The Latest: Syria Kurds say they will withdraw from border
BEIRUT (AP) — The Latest on Turkey's invasion of northern Syria (all times local):
A senior Syrian Kurdish official says his forces will pull back from a border area in accordance with a U.S.-brokered deal after Turkey allows the evacuation of its remaining fighters and civilians from a besieged town there.
Redur Khalil, a senior Syrian Democratic Forces official, said Saturday the plan for evacuation from the town of Ras al-Ayn is set for the following day, if there are no delays.
He says only after that will his force pull back from a 120-kilometer (75-mile) area between the towns of Ras al-Ayn and Tal-Aybad. It will withdraw and move back from the border 30 kilometers (19 miles).
This is the first time the Kurdish force has publicly acknowledged it will withdraw from the border, saying it has coordinated it with the Americans. The agreement has not specified the area of its pullback.
Previous agreements between the U.S. and Turkey over a "safe zone" along the Syria-Turkish border floundered over the diverging definitions of the area.
Khalil said a partial evacuation happened earlier Saturday from Ras al-Ayn after much stalling and with U.S. coordination.
A U.S. official says America is continuing to withdraw troops from Syria.
The official, who spoke on condition of anonymity, says a couple hundred have left. They are largely consolidated in one location in the west and a few locations in the east.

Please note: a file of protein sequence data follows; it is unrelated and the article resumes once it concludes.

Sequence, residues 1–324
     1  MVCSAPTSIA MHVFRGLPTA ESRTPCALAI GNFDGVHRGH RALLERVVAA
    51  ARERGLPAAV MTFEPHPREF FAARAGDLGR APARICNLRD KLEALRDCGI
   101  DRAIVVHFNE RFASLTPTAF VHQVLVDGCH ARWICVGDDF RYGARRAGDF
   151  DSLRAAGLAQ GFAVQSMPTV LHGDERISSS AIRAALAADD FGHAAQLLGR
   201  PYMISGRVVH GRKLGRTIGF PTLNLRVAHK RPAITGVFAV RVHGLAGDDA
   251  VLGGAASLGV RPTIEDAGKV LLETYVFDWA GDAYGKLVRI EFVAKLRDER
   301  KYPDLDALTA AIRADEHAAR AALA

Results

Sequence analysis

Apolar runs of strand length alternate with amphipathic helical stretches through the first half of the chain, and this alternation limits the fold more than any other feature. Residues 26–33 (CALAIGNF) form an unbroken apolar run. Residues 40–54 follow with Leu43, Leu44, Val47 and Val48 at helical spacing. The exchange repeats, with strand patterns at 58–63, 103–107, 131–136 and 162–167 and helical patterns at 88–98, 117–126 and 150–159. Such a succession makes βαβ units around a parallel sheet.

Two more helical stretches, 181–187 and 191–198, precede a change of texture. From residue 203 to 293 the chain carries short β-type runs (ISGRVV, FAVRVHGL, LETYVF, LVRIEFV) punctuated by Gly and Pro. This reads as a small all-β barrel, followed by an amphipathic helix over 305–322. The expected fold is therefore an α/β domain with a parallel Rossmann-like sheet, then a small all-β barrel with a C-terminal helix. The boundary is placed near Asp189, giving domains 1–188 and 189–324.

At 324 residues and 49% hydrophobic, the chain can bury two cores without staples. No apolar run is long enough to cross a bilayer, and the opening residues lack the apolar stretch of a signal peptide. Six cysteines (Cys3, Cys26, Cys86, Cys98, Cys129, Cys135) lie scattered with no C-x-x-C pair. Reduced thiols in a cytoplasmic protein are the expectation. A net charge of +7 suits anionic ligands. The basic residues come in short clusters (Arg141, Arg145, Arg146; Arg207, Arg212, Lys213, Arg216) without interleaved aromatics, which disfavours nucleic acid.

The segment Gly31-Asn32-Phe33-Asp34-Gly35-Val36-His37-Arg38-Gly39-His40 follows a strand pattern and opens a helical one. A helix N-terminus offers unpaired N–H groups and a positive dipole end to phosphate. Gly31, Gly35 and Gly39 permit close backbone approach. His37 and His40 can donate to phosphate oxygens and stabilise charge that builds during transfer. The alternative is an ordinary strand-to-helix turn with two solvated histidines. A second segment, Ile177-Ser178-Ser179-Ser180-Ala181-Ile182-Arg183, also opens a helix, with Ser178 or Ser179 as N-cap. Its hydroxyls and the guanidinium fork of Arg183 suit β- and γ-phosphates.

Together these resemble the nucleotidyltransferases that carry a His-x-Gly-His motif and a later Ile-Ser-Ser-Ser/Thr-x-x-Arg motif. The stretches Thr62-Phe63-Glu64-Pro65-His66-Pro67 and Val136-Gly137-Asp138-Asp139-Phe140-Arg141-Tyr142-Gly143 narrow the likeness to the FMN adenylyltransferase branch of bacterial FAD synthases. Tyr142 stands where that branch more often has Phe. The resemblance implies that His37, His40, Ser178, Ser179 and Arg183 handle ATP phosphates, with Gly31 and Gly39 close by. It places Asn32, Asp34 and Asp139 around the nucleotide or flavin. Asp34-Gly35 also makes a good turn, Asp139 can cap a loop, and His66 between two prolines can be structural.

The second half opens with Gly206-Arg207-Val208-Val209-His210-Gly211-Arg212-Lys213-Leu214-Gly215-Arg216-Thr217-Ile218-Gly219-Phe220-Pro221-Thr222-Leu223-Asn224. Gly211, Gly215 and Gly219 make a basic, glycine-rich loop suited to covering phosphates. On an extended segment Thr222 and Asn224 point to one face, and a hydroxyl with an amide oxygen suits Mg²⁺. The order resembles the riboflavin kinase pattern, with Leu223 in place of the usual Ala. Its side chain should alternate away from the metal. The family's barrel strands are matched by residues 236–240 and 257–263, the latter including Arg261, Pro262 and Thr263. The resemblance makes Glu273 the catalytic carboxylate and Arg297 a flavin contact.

About 1,000 U.S. forces were previously deployed in parts of northeast Syria alongside Kurdish-led forces, but President Donald Trump abruptly announced he would withdraw them, opening the way for Turkey's military offensive into the area.
The official also says the U.S. is aware of ongoing violations of the cease-fire but the military is not closely monitoring the agreement. The official said it will still take a couple weeks to get forces out of Syria.
—By Lolita C. Baldor.
Turkish President Recep Tayyip Erdogan's spokesman says he was stunned by the tone and content of a recent letter from Donald Trump.
In the Oct. 9 letter, Trump urged Erdogan to act in a humane way in Syria and warned him that the world "will look upon you forever as the devil if good things don't happen. Don't be a tough guy. Don't be a fool!"